Many doctors may not be ready for the new set of medical billing codes that begin on October 1, 2015. All healthcare institutions, from hospitals to private physician offices, are scrambling to implement these codes by that time so they do not risk inadequate or improper payments. With large staff and ample resources dedicated to implementation of the new codes, hospitals seem more confident in their ability to comply with the codes than are physician offices.
The World Health Organization issued the tenth update to their International Classification of Diseases, or ICD, in 2010. The United States was set to adopt the updates in October of 2013 but delayed instituting the new codes because authorities were concerned that it coincided with the rollout of the HealthCare.gov website.
In a 2013 survey of 785 hospitals by the American Hospital Association, or AHA, 94 percent of hospitals said they were moderately to very confident they would meet the deadline. Greater than 90 percent of critical access hospitals, usually found in rural areas, and institutions with fewer than 100 beds expressed compliance readiness. Two percent of responding hospitals said they were not confident in their ability to implement the new ICD-10 codes by October 1, 2015.
Ninety-two percent of hospitals surveyed said they were actively helping physicians convert to the new system. Many respondents said they had been preparing for the conversion for many years and that part of this preparation included helping doctors make the complex and difficult transition.
Obstacles for Physician Readiness
A June 2013 Medical Group Management Association, or MGMA, survey of more than 55,000 physicians found that clinicians had a variety of concerns about the negative effects of ICD-10 implementation. More than 70 percent of physicians said they were very concerned about the loss of clinician productivity post-implementation and nearly that number said they were worried about loss of productivity among coding staff. Over half the respondents said overall cost of conversion and almost half admitted that cost of software upgrades or replacements were a concern.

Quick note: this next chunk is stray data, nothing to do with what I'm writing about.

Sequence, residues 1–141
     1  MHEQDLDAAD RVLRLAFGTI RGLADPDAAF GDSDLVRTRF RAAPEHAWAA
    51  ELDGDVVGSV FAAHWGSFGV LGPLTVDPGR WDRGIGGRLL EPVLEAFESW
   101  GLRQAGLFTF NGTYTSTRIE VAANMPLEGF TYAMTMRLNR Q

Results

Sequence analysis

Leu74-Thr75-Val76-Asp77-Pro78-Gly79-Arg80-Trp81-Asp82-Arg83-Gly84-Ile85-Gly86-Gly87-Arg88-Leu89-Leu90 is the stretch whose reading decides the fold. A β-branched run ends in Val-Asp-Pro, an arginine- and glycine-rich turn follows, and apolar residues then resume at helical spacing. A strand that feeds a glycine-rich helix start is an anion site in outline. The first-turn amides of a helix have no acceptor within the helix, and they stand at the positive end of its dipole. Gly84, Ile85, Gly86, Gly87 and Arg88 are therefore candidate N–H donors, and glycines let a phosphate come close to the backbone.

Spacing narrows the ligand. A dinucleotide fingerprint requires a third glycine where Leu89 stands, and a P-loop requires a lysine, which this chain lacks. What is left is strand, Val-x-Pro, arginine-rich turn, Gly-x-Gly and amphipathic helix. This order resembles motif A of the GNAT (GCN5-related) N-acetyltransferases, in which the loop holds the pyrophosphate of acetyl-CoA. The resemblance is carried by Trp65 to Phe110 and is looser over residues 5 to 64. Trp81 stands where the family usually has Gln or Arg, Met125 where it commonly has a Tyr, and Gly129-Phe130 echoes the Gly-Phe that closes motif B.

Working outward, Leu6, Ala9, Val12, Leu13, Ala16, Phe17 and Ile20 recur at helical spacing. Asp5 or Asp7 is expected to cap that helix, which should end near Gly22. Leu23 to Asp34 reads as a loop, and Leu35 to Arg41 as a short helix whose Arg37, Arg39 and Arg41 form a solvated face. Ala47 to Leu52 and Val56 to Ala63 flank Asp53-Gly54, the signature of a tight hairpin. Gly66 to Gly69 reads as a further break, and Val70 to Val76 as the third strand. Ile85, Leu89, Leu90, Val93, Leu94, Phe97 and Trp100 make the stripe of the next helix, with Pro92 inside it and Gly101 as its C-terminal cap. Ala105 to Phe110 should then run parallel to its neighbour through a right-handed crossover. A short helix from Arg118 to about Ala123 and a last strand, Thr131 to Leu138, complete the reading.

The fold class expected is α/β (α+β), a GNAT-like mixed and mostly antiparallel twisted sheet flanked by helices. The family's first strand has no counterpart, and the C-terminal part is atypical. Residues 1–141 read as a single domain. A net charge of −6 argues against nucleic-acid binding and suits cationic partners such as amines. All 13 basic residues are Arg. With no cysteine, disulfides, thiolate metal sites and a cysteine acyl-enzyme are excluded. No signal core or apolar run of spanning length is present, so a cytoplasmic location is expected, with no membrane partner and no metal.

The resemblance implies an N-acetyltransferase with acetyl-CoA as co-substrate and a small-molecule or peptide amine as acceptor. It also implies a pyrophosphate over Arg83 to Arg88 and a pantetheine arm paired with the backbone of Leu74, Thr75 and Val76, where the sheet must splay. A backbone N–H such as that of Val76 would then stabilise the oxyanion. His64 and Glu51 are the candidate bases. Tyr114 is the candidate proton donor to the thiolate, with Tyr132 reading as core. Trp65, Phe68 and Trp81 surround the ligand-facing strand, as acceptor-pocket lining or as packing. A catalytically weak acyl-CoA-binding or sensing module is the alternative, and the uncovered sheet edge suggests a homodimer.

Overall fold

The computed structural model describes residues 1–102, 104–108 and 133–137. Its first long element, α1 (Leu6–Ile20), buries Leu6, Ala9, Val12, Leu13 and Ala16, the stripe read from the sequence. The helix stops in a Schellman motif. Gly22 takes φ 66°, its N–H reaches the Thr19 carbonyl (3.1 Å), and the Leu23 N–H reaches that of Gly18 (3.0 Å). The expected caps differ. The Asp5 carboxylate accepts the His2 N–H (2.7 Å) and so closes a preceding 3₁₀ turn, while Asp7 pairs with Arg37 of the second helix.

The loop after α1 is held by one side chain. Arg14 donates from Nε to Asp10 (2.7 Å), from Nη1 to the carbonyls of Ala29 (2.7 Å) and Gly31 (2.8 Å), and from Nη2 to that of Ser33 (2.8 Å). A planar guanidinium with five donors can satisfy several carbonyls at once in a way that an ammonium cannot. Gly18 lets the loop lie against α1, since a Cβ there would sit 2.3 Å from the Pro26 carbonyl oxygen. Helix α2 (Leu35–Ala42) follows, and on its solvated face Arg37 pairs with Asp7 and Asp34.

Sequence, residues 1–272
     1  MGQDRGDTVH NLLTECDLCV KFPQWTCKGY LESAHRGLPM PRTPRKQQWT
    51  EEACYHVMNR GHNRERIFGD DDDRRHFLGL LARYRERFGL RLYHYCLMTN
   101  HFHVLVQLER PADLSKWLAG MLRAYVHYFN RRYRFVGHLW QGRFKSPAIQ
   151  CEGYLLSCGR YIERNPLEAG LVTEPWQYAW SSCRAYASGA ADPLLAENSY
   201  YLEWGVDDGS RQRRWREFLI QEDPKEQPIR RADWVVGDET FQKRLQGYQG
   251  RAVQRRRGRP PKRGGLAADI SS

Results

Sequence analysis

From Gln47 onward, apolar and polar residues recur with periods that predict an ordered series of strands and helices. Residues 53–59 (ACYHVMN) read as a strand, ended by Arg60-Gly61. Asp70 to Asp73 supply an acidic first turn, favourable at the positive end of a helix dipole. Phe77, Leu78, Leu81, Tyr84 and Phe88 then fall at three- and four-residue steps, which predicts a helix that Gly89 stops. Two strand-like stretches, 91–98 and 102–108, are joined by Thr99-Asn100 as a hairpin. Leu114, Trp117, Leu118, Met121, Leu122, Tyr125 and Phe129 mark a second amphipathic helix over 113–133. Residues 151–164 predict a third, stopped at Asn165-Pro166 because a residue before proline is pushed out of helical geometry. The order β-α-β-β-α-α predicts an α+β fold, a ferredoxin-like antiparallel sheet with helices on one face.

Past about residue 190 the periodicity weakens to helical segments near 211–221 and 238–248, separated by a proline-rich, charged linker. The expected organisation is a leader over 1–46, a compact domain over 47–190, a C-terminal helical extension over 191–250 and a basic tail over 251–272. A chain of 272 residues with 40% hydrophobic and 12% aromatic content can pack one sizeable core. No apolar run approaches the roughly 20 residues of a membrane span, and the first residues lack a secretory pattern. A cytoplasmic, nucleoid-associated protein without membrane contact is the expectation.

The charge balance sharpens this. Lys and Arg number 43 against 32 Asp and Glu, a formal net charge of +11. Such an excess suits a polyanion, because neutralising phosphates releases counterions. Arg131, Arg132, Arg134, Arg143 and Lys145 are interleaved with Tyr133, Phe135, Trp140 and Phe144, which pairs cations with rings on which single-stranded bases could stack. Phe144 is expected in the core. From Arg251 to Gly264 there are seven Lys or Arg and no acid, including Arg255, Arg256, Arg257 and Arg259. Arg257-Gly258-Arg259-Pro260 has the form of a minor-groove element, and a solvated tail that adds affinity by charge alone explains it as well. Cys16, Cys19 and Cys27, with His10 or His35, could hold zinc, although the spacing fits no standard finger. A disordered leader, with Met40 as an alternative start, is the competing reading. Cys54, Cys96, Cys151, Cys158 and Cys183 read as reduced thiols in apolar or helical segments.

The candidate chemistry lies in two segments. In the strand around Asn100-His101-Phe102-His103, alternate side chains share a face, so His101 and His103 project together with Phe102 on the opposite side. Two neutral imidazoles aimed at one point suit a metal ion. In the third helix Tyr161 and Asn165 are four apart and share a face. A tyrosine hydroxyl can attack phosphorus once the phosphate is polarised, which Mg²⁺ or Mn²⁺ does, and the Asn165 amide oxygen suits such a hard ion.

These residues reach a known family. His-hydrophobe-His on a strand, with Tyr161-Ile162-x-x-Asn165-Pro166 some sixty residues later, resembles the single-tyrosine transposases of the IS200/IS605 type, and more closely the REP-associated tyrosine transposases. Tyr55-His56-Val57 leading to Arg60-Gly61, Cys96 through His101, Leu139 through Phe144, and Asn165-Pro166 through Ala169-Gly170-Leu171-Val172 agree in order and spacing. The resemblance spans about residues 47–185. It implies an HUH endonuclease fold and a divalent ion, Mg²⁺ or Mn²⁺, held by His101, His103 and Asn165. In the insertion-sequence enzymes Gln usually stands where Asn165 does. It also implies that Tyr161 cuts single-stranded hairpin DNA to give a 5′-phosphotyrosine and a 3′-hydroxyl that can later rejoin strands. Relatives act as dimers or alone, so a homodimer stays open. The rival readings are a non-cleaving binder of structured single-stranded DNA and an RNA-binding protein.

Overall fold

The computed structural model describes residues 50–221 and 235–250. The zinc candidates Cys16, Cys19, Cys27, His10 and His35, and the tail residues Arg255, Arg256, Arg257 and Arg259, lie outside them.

In the AHA survey, responding hospitals noted risks to implementation of the new standards. For example, the new codes could make working with payers and technology vendors difficult as various institutions start using the new codes.
Furthermore, the struggle to put the new codes into practice can distract from other priorities, such as adopting electronic health records and meeting Meaningful Use program requirements. In fact, more than half the respondents in the AHA survey name the Meaningful Use as the main competing priority to ICD-10 implementation.
The MGMA survey asked participants whether their individual Practice Management System vendors had given a date for implementing or upgrading to ICD-10. More than 52 percent of respondents said they had not been given a specific date. At the time of that June 2013 survey, only 4.8 percent said the PMS vendors said to expect implementation or upgrade by the October 1 deadline.
Most physician respondents to the MGMA survey said they planned to train staff between January 1 and October 1, 2015. The majority of physician practices will focus training on clinical and revenue cycle staff during that timeframe. Other staff, such as the practice administrator and coding staff will receive training.
Both the MGMA and AHA surveys show that most physicians and hospitals are working towards implementing the new ICD-10 codes by October 2015. With proper planning and assistance from associated hospitals, most physicians should be somewhat ready to use these new billing codes.
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